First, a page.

Ocean's 8 is About a Bunch of Terrible People Doing Crimes
The first thing that struck me about Ocean's 8, the sequel to Steven Soderbergh’s remake and eventual trilogy of the rat pack film Ocean's Eleven, is that it was given a rating of R-13 by the MTRCB. There’s no sex, violence, nudity, or drug use, but I actually think the MTRCB made the right call: Debbie Ocean (Sandra Bullock) and her crew aren’t good people and younger kids are probably better off not seeing them on the big screen.
It’s always important in a heist movie or any film that features a criminal protagonist to elicit sympathy from the viewer by portraying the antihero as having a good side. From Robin Hood to Suicide Squad’s Deadshot—a thieving outlaw and a contract killer, respectively—the narrative is crafted to show that there’s an underlying noble cause or genuine human connection. In the case of Debbie Ocean, Danny’s younger sister, she’s just a horrible human being who’s incredibly and unapologetically skilled at defrauding people, and it’s uncomfortable to watch.
The film opens with Debbie getting out of prison on parole, echoing the start of Ocean’s Eleven. This, of course, after she acts her way out of the evaluation process, immediately revealing her true colors as soon as she’s out the gate. Director Gary Ross (Hunger Games) employs many of Soderbergh’s techniques, from leading audio, to jump cuts, flashbacks, and even the drum-and-bass soundtrack, so that Ocean’s 8 feels like a true spiritual successor to the franchise. But Debbie is no Danny: She’s petty and shallow, and the first thing she does out of prison is shoplift and con her way into a getting a swanky hotel room.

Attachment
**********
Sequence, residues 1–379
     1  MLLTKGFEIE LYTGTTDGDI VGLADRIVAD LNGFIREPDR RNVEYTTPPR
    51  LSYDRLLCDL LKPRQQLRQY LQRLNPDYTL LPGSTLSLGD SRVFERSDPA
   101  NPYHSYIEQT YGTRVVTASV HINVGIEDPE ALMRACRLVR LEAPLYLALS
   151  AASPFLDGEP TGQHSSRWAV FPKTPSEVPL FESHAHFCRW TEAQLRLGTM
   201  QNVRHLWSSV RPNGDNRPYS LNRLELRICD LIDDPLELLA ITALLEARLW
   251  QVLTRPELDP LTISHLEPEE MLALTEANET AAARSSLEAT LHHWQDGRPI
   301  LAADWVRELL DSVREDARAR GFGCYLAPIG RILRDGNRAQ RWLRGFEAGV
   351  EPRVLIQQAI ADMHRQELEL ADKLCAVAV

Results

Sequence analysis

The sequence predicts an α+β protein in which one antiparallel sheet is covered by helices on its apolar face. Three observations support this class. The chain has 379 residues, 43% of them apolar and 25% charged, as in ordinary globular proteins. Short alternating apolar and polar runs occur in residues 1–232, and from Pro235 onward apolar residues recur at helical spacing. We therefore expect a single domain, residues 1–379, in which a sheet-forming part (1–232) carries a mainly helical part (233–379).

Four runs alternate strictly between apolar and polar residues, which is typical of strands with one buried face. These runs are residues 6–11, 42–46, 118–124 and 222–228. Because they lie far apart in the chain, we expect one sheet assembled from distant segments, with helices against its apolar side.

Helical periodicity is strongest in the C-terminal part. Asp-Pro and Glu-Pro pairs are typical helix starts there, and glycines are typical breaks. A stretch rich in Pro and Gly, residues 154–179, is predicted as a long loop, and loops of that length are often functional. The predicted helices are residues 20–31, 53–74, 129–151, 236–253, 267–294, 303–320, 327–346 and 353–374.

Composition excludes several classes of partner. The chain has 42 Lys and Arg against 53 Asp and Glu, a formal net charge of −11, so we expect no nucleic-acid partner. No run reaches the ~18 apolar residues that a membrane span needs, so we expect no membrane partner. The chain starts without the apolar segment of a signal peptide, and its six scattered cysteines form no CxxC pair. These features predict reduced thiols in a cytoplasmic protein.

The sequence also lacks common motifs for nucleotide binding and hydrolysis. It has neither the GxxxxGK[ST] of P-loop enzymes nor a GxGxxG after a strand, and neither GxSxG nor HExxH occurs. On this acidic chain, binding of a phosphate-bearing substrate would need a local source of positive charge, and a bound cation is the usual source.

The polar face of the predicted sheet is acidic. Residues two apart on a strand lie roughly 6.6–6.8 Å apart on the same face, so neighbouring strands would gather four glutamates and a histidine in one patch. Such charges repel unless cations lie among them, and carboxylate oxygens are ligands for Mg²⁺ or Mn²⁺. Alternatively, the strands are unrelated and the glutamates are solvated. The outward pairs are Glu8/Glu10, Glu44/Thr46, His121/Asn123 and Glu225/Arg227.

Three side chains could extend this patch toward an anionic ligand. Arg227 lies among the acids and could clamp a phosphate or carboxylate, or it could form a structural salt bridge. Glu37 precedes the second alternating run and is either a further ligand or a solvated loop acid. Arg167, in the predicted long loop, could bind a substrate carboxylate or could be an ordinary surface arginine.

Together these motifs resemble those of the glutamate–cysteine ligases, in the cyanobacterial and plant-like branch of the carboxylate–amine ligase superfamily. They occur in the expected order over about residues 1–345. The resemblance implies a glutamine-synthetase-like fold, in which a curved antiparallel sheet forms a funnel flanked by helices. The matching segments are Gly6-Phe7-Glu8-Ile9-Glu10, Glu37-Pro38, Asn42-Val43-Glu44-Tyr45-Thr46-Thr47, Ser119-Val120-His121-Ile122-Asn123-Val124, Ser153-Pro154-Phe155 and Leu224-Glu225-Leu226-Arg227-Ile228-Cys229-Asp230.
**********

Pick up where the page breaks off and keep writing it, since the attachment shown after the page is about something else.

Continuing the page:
She reconnects with her version of Rusty, her old partner Lou (Cate Blanchett), who rocks skintight latex pants like nobody’s business, and wastes no time in gathering a team to pull off a heist involving a $150 million diamond-studded Cartier necklace at the Met Gala. They assemble a crew consisting of hacker Nine Ball (Rihanna), suburban mom and fence Tammy (Sarah Paulson), pickpocket Constance (Awkwafina), jewelry-maker and appraiser Amita (Mindy Kaling), and over-the-hill fashion designer Rose Weil (Helena Bonham-Carter) who’s roped into the criminal life because of bankruptcy.
There’s high fashion, glamour, and numerous cameos, from Katie Holmes to Common to Kim Kardashian to Anna Wintour. Ocean’s 8 is a glitzier, more fashionable, female version of the Ocean’s trilogy, and it feels like it's designed to appeal to feminine sensibilities. In which case it’s problematic, because it’s revealed midway that Debbie’s whole plan was hatched as a way to get back at an ex. Never mind that her ex, art dealer Claude Becker (Richard Armitage) framed her and got her sent to prison—did the plot really need an ex-boyfriend angle?
Perhaps it isn’t a fair comparison, considering Danny Ocean (George Clooney) also had a shallow, personal motive to win back his ex-wife, but Becker just doesn’t come off as greedy or unscrupulous an antagonist as Terry Benedict from Ocean’s Eleven or Willy Bank from Ocean’s Thirteen. Becker’s general smarmy douchebaggery doesn’t feel like a worthy match for a woman of Debbie’s caliber, let alone her entire team. It would’ve been an opportunity to prove that Debbie is the better Ocean.